Cushioned deep in the foothills of Appalachia Ohio, southeast of Athens proper, lies the learning enterprise Woodland Ridge Farm, where hymns of cooperative farming and energy resilience ring loud and true.
The owner, Paul Harper, can be seen carrying this main tune throughout the region as an auctioneer at the Chesterhill Produce Auction; though as he sells peck after peck of locally grown produce he sometimes isn’t as cooperative but is utterly resilient. That’s the nature of being an auctioneer, and it’s only one of Paul’s many gigs.
Most of his heart and time go directly into his life as a steward and practitioner of regenerative systems, both in the agrarian Appalachian-style of agriculture and the emerging regional energy sector. Located on the property is a cozy blue guest home, fully equipped with rooftop solar that also offers shade to the front porch, a kitchen stocked with Athens-local foods and produce (cooperative farming), and a back deck that holds a picturesque view of the forest it’s tucked against.
For a little over a year, this land addition has housed numerous “bed and breakfast” guests, thanks in large part to the interface of the vacation rental website Airbnb. This creates the right conditions for ideal farm-to-table moments, which is the real punchline to this unique place bringing in people from all over seeking the opportunity to dive head first into the local-heavy Athens food experience.
While that project can continually provide a place of rest and a taste of the farm ecosystem for many visitors, Harper’s other operation involves the raising of non-industrial meat, mostly hogs, in a fashion that utilizes the natural habits of the pigs to regenerate the health of the land (and his neighbor’s land through a bartering trade) and will ultimately provide a high-quality pork product. Creating some of the best pasture-raised meat is the internal flame to his holistic engine. To Harper, this type of agriculture creates a type of synergy made of a combination of good accommodation, even better food, and a dash of renewable energy to back it all up.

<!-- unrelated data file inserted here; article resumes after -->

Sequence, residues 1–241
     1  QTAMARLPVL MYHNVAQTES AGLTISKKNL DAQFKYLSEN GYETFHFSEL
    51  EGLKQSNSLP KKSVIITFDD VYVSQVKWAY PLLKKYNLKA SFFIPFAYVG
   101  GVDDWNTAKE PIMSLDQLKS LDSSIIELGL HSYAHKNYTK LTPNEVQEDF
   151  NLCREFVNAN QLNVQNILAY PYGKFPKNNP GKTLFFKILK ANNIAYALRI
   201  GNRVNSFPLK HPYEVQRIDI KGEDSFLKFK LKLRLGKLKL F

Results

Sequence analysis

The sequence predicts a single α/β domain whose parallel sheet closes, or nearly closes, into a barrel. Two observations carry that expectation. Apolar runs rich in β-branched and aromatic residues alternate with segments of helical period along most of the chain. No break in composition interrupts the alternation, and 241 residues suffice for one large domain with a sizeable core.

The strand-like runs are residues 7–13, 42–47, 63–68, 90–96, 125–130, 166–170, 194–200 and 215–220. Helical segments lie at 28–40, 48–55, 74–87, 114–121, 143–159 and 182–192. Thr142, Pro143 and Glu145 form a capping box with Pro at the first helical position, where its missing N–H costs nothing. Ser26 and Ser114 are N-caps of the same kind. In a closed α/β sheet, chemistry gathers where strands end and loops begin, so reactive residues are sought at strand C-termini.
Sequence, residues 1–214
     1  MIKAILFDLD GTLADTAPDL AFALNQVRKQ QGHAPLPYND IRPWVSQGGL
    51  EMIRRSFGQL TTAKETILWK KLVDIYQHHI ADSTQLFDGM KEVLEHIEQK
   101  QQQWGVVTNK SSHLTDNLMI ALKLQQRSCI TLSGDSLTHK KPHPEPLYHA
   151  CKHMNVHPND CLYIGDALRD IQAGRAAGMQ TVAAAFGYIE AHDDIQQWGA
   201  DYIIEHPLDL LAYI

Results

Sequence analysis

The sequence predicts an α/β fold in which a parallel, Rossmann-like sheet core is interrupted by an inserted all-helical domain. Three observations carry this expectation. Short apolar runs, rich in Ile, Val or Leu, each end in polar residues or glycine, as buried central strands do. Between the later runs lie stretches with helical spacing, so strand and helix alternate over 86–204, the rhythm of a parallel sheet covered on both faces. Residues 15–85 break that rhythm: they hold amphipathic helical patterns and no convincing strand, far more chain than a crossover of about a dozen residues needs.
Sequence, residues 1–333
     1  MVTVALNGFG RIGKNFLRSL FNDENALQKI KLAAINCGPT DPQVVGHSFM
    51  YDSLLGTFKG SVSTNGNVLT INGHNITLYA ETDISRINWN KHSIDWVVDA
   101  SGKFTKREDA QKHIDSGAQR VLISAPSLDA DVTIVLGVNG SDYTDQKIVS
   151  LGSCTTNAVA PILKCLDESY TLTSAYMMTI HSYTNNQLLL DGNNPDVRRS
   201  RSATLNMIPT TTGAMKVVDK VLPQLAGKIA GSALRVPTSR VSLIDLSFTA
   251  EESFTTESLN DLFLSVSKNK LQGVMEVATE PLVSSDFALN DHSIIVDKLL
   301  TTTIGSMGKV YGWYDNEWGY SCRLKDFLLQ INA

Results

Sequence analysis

Under the hood of this quaint scene is a battery-pack of 20 individual cells that act as the main source of power to the house and is fed by the power grid, but only when the sun is hiding. That was Phase 1. With the solar addition on the roof as Phase 2, many of those electrons rushing around in the batteries are now made from solar waves. In this case, Paul doesn’t take too much off the grid, especially with the Phase 3 solar array installed last summer up by the garden.
Without hesitation, Paul has realized that supporting renewable energy is the right thing to do and inherently follows the guiding principles of the farm itself. As he has made a deep commitment to consistently regenerate the land he calls home, an arguably greater commitment has been made on his part to create resiliency for himself by knowing he has a source of power he owns while supporting the businesses and groups advancing a more democratic and decentralized energy system for all.
“For us, what we are trying to accomplish here is food sovereignty and energy sovereignty, and if we needed to, our energy and food needs could come from here,” Harper declared in our interview.
The story of this farm tells us that renewable energy can and must regenerate the faith of the American spirit, of personal responsibility, and is lifted by the social fabric that holds the same values found in both the local food and local energy movements.
Harper’s solar systems were installed by Athena Solar Power, and in combination puts his total supply of power at 12 kW (kilowatts); this is in the form of a 16-panel ground array (Phase 3) and a 35-panel rooftop array (Phase 2). The average Ohio home can easily use around 1100 kWh (kilowatt hours) per month, which gives Paul about 100 hours of sun credits per month before he is drawing from the main grid, if he sticks to state average.
The neat part about his property is that it is wired to act as a micro-grid, meaning that the power gathered from the sun, fed into the battery when not in use or fed to a light bulb or fan when the switch is on, is transmitted across all power lines on the property. Thus, this is a grid solely for the farm. Paul Harper and the Woodland Ridge Farm do have an important lesson here: “The economics of electricity costs we have no control over, I say this all the time: You cannot change people, places, or things, but you can change yourself… and what I can do is keep pigs and land in good shape and put solar in to generate electricity,” Harper said.
In this lesson, we come away asking, what can I do to change the way I use energy?
EVENT: Microgrid Opportunities in Southeast Ohio: A presentation by Mike Zimmer and Roger Wilkens with community discussion. Thursday, Jan. 28, 6:30-8 p.m., OU’s Walter Hall 145.
Editor’s note: Athens County is a semi-finalist in the Georgetown University Energy Prize, a two-year competition that challenges communities to reduce energy use through innovative, community-based solutions. The winning community receives a $5 million prize and national recognition as an energy trailblazer. Stay tuned to The Athens NEWS for biweekly coverage of UpGrade Athens County’s progress in competing for the Georgetown Prize.